I’ve recently finished I’m Not Scared by Niccolo Ammaniti. It is the first time I’ve read a modern Italian author in translation I think so I approached it with interest, especially after reading some excellent reviews of it. I should caveat this review with the fact that this book was first published in English in 2003, so I am a little late to this!
I’m Not Scared is set in a seemingly endless summer, in a world which seems by turns boring and terrifying. Ammaniti captures the sense of stifling heat really well – I could just imagine struggling to sleep in the tiny little room Michele shares with his sister. The writing in general is beautifully taut which suits the story perfectly. I imagine that this came across even more strikingly in the original Italian. The imagery is also superb, with fields, farmhouses and their tiny village all vividly described. Where this book did not work for me was that I could not really care about the characters. The matter-of-fact narrative and spare style put too much distance between myself as the reader and Michele, Maria, their Mama and even Filippo ultimately. For that reason, I finished I’m Not Scared in quite an ambivalent frame of mind about it. I think perhaps this is one of the rare occasions that the film might work better than the book for me because the imagery is so cinematic. One for the Love Film list!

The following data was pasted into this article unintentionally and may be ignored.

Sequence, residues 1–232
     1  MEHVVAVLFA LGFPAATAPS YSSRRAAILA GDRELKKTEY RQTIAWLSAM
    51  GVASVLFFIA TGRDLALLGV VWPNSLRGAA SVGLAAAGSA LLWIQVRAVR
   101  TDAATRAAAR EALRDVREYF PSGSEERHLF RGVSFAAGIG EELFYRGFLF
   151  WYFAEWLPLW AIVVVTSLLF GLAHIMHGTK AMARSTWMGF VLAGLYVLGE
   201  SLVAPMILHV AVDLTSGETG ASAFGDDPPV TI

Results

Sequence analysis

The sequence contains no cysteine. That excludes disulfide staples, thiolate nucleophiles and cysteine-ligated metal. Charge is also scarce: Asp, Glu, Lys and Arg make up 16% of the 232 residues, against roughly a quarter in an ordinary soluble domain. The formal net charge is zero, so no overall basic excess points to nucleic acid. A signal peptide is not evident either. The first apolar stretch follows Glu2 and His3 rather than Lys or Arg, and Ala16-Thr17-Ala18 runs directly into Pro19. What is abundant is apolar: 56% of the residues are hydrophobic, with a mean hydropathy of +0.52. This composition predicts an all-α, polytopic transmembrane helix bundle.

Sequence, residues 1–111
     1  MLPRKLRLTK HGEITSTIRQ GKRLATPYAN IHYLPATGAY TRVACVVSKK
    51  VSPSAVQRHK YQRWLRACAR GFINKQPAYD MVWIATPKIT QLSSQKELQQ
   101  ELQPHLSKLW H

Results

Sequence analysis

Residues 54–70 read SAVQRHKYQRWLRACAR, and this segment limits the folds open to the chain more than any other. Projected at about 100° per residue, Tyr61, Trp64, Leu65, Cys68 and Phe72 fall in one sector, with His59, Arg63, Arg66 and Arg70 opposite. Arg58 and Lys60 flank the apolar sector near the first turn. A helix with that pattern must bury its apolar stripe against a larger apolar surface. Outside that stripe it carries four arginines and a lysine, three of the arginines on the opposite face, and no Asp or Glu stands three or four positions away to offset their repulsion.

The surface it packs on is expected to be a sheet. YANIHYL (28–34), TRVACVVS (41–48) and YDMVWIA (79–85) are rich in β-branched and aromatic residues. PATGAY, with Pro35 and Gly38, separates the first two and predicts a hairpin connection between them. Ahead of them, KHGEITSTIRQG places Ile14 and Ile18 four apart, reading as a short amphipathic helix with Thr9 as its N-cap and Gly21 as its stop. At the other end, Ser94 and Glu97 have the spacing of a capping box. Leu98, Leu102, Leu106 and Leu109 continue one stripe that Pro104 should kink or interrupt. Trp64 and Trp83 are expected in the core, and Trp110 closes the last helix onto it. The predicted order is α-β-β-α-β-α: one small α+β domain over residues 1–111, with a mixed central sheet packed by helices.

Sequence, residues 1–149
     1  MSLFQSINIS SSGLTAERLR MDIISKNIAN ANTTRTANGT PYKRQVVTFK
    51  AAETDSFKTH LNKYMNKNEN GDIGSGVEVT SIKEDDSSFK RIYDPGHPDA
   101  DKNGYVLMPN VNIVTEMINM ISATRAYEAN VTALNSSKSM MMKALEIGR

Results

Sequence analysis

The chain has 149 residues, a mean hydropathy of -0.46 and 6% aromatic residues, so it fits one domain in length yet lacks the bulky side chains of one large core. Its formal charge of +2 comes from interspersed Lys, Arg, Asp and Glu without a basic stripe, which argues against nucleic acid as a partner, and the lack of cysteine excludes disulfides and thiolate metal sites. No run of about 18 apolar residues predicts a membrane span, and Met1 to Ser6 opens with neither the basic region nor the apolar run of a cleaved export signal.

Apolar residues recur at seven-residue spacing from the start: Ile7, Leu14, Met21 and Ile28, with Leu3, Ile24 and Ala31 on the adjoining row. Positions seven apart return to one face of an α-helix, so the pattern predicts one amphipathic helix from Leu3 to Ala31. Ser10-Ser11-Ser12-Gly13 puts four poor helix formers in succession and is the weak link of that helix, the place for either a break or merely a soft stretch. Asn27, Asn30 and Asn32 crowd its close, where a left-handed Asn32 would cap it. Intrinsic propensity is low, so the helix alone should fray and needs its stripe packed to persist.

This book did get me thinking about some of the other great stories told by child narrators – To Kill a Mockingbird springs to mind immediately. Both Harper Lee and Ammaniti manage to capture a horror in everyday language, describing terrible violence in deceptively gentle ways. I think the juxtaposition of childhood with very adult themes like corruption and kidnap often makes it much more powerful than had it been narrated from an adult point of view and as such it is a great technique.